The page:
Sunday, 29 January 2017

Alignments and Society.

What does a Chaotic Evil society look like?

It’s a question that gets a lot of mileage in Sisyphean Internet alignment debates -if you chuck a punch of CE Orcs and Goblinoids together, what the hell sort of society do they develop? In a society of individualistic violence, how does anything emerge? There’s an inbuilt assumption to that line of thought, and to human history generally, that we represent the model for Lawful Good and some Other is the stand in for the other alignments. Do a collective of Lawful Good individuals necessarily produce a Lawful Good society? (Hegel, had he lived beside Gygax, or had Gygax got the dice rolling in nineteenth century bourgeois Prussia, would certainly argue for that – Marx or Arendt might disagree…)

 Disclaimer: I am using the D&D by-the-book definitions of ‘good’ and ‘evil’ here. Plus don’t construe this as a moral judgement of individuals, or that I am talking societies out of context, or imposing teleogical modern morality. In D&D morality certain things are moral that we may disagree with in the twenty-first century West, such as murdering evil-doers.

For my own game world, I apply a vague alignment to most states, and here’s how I do it:


Lawful states are typified by constitutions, traditions, and formal roles:  Lawful governments govern by, with and under the dictates of law. At their best, they are just, consistent and stable. At their worst they are bureaucratic and conservative. Chaotic societies are individualistic; they prefer the natural assumption of power by charismatic or capable individuals. At their best, they are malleable and flexible. At their worst, they are despotic, unstable and well, chaotic.

Evil societies put no value on (demi)human life and are aggressive and expansionist – a Hobbesean war of all against all is the world they live in, and they will claw any advantage they can. Evil perform no action except through self-interest.

Good societies are altruistic, engaged and their leadership sees rule as a service. They actively suppress injustice and evil and work to better the lives of their subjects for the sake of it. They are generally much more equal.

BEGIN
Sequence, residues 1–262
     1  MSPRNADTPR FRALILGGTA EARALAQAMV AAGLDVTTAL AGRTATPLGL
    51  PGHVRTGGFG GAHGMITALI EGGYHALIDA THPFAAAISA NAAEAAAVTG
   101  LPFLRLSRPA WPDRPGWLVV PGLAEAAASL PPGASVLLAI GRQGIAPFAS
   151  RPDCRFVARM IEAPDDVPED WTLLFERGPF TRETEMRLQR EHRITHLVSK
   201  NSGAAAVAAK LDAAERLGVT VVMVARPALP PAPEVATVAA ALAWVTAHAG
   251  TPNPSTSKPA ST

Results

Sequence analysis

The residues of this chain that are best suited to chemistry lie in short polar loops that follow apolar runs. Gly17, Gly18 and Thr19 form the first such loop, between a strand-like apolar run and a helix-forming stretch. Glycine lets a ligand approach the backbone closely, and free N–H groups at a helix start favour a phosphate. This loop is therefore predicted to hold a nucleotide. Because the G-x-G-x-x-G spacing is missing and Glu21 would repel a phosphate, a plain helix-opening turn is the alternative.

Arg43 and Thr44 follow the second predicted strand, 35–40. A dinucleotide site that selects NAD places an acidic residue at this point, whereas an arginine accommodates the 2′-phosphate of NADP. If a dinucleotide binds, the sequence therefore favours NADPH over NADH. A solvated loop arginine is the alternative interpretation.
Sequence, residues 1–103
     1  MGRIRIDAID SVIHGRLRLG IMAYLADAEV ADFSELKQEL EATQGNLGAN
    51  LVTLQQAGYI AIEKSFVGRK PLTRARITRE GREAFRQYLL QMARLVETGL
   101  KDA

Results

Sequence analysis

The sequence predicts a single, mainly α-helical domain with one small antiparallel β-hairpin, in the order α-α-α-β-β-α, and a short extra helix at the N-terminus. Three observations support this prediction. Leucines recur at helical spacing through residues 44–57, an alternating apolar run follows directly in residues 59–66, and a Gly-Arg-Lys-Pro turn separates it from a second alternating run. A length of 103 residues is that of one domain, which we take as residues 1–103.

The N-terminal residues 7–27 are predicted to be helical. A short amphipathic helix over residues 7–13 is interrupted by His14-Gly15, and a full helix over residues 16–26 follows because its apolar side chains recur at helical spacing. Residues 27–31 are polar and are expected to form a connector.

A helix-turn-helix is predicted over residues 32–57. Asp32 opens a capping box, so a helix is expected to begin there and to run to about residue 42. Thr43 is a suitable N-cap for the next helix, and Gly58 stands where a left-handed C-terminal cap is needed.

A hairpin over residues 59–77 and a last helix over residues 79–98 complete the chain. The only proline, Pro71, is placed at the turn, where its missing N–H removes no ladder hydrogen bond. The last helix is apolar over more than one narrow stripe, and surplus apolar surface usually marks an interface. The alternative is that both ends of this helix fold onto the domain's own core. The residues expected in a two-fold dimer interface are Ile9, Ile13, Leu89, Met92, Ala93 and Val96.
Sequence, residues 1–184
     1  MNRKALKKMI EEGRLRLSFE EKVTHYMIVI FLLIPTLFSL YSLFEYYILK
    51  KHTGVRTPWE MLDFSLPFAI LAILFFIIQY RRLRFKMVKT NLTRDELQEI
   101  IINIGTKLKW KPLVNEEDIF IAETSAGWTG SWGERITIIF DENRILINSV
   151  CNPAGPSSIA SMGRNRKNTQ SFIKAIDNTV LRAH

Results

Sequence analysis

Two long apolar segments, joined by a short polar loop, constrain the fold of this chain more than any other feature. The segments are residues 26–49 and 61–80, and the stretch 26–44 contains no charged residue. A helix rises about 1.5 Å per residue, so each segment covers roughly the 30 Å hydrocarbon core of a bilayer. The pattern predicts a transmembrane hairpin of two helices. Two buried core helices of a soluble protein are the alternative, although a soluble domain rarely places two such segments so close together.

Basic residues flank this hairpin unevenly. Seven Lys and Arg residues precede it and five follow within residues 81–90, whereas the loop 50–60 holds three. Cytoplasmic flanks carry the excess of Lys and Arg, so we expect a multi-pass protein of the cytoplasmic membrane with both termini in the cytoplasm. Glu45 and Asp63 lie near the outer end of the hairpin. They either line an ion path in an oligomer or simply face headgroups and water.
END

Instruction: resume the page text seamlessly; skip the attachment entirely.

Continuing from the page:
Some examples:

Lawful EvilLawful Evil societies are not the simply tyrannical states most people envisage – they could be democracies. The important mix is that there is a heavily controlled, defined and stratified society: maybe a caste-system or extensive slavery. Rulers work within the bounds of the law but the law itself is designed to protect their interests. The Confederate South might be an example here of a society that was legalistic and lawful yet those laws protected evil practices, for example slavery and institutionalised racialism. Other Lawful Evil societies might be the Neo-Assyrian Empire, which expanded violently across the Near East, crushing dissent with utter cruelty yet a strict legal code.
Don't fuck with the Assyrians. 


Lawful Good

Lawful Good societies are societies with the same legalistic preponderance, but they work actively to push towards a more equal society for the populace within the bounds of the laws. Lawful Good societies would only take part in Just Wars and place the welfare of their people highly in consideration. The idealised self image of the United State of America would be an example of a Lawful Good society. The actual United States, probably not. Norway or other Western European social democracies would also probably qualify.

Chaotic Evil
Chaotic societies are those with little legal framework to take control of, such as steppe tribes or  societies in a constant state or revolution and flux (such as modern Syria or Afghanistan). A Chaotic Evil society would be one in which rulers tend to rule solely by force and might-makes-right – the subjects have little right to recompense and the personage of the ruler and their ability to exercise force are the source of all power. The Mongols (before Genghis Khan) probably qualify as a Chaotic Evil society due to their incredibly violent punishments and foreign policy, and ready acceptance of slavery, rape and plunder. A more modern and controversial example would be Nazi Germany, whose crimes probably do not need to be listed.



Chaotic Good
Chaotic Good societies also rely on the personal charisma and status of individual(s), but they work towards the betterment of the collective. They would have a limited or non-existent coercive power and would rely extensively on altruism and voluntarism from their citizenry. Examples are hard to find in the ‘Real World’ setting because blood is so often the lubricant of the wheels of history – I’d say no state in the traditional sense really qualifies (perhaps some Native American tribal groups, but that’s probably my romantic Noble Savage bullshit coming into play.) I’d argue for potentially the Zapatistas, Spanish Anarchists or the Indian Independence movement around Gandhi.


No comments:

Post a Comment